On President’s Day: Washington’s Farewell Address

by Rebecca Ripperton
February 18th, 2019


To commemorate President’s Day, as well as the birthdays of George Washington and Abraham Lincoln, we will feature two speeches delivered by these two former presidents on the blog this week. The first speech is Washington’s “Farewell Address,” first published on September 19th, 1796, and the second is “On the Perpetuation of Our Political Institutions” (often referred to as the “Lyceum Address”) delivered by Abraham Lincoln on January 27th, 1838 in Springfield, Illinois.

Why study Washington's Farewell Address?

A little over 222 years ago, George Washington made the decision not to seek a 3rd term in office and his famous Farewell Address was published in a Philadelphia newspaper. It was a letter of valediction to the American people at that time, and one that remains a rich and forceful document, filled with counsel that is as relevant today as it was in the 18th century; in his own words, President Washington offers “the disinterested warnings of a parting friend.” As a founding father and the unanimously elected president of the Constitutional Convention of 1787, George Washington was well acquainted with the perils facing the American nation, and many scholars have noted how eerily accurate his predictions have turned out to be.

Perhaps some of you have read his Address in your History classes, and maybe even with your own children or students. If your children have not yet read this Address, however, I encourage you to share it with them once they are of a suitable age (depending on the individual, 13+). George Washington’s circumspection here is an example of statesmanship at its finest. His civic duty was one he regarded with the utmost seriousness, and throughout each and every line of this letter, Washington’s love for his country rings out.

Reading the writings and speeches of early American statesmen is without doubt one of the most effective ways to acquaint any young person with traditional American values and both the content and the import of our constitution, not to mention an excellent way to expose them to exemplary rhetoric. Any serious study of our founding documents is also likely to inspire in the reader a deepened love of country, an appreciation for the care and introspection with which the constitution was crafted, and an aspiration to be a better, more thoughtful citizen. In Federalist 51, Madison asks, “what is government itself, but the greatest of all reflections on human nature”? Through studying our government, we learn about ourselves; we are forced to admit our flaws – individual and collective – and work to correct them. Being an engaged citizen is a continual challenge, but it is also an endlessly rewarding and noble one.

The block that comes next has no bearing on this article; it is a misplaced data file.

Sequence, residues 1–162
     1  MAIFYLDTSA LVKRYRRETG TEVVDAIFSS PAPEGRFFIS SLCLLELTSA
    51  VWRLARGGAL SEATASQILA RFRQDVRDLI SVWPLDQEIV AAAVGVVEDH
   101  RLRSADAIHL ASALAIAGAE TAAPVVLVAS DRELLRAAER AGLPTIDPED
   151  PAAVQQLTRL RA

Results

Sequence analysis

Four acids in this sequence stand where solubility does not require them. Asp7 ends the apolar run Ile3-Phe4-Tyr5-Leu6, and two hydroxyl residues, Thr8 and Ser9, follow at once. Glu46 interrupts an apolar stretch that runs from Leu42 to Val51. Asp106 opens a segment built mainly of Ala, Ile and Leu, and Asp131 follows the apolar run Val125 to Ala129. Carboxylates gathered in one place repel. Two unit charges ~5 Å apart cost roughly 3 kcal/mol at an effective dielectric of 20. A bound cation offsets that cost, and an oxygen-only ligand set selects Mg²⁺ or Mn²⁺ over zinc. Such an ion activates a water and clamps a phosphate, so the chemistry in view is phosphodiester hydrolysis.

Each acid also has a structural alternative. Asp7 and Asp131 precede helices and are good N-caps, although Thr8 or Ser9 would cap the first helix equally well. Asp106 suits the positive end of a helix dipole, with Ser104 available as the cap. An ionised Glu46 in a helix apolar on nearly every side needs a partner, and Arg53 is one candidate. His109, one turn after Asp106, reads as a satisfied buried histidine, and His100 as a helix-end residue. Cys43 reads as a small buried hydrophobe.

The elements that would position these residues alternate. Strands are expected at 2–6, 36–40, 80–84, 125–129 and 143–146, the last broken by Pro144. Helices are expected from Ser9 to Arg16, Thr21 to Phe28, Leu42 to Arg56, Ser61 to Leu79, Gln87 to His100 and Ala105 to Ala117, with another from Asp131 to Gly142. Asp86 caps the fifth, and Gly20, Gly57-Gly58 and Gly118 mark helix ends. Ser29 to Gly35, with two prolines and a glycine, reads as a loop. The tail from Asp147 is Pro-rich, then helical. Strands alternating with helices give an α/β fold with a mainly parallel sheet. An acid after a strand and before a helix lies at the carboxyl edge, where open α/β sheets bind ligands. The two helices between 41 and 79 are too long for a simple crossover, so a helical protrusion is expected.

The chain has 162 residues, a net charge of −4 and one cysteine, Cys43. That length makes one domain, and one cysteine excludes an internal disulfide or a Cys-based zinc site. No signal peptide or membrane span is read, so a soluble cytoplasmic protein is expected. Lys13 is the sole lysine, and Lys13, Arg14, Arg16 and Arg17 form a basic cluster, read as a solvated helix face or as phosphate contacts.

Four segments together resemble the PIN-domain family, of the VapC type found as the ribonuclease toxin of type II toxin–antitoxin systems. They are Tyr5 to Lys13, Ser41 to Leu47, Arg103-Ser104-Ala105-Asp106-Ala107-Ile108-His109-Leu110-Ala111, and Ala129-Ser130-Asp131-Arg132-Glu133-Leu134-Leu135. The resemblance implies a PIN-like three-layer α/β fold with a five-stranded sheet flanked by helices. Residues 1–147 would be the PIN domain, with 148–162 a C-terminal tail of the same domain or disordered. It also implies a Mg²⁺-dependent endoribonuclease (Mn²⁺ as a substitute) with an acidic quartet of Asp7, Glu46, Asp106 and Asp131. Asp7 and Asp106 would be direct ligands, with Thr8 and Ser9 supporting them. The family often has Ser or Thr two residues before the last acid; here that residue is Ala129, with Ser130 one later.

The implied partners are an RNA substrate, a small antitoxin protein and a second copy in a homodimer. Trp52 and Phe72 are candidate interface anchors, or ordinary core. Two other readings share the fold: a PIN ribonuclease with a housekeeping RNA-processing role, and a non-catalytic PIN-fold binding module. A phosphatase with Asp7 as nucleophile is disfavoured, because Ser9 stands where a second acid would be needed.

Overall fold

In recommending this speech, I am reminded of an admonition a former professor of mine once gave to a hall of college freshman. He said (and I am paraphrasing), “The Great Books – the U.S. Constitution, the Bible, Plato’s dialogues, etc. – do not bend to human desires. They were not designed to please us, and we do not get to decide whether or not they are good enough for us and for our opinions. Instead, we must work to be good enough for them; we must rise to meet the standard they set.” In this Address, President Washington offers insight into how we may continue the work of rising to meet the standard of our constitution, how we may better strive as a people to be good enough for it.

Discussion questions and essay prompts

Lastly, if you have the desire and opportunity to discuss the Farewell Address either in a classroom or at home, the following are some questions that you might use to guide your conversation. (You could have students write about one or more of these questions, as well.)

  • Why does Washington oppose political parties? What does he perceive their danger(s) to be?
  • Why might Washington favor parties under a monarchy but not in the setting of a ‘popular’ government?
  • How do friendships differ from factions? How may citizens under a government sustain strong friendships without succumbing to the temptation of political party?
  • What does Washington mean when he says “The precedent must always greatly overbalance in permanent evil any partial or transient benefit, which the use can at any time yield”? Why is it so important to exercise judiciousness in this regard?
  • What kind of relationship does Washington believe exists between morality and religion? Given his assertions, what role should religion play in a government that “shall make no law respecting an establishment of religion, or prohibiting the free exercise thereof”?
  • What is the relationship between Washington’s stance on foreign policy and his opinion of political parties? In what ways are they similar? How might they differ?
  • Why does Washington believe that a national union is “the palladium of […] political safety and prosperity”? How does he justify the importance of national unity?
  • If “to preserve [reciprocal checks in the exercise of political power] must be as necessary as to institute them,” is the work of the modern statesman any different from that of the founding fathers? Does this assertion in any way alter your understanding of what the current work of the government should be?
  • What does it mean to be a good citizen in George Washington’s eyes? What is the work of a good citizen?
Rebecca Ripperton
 

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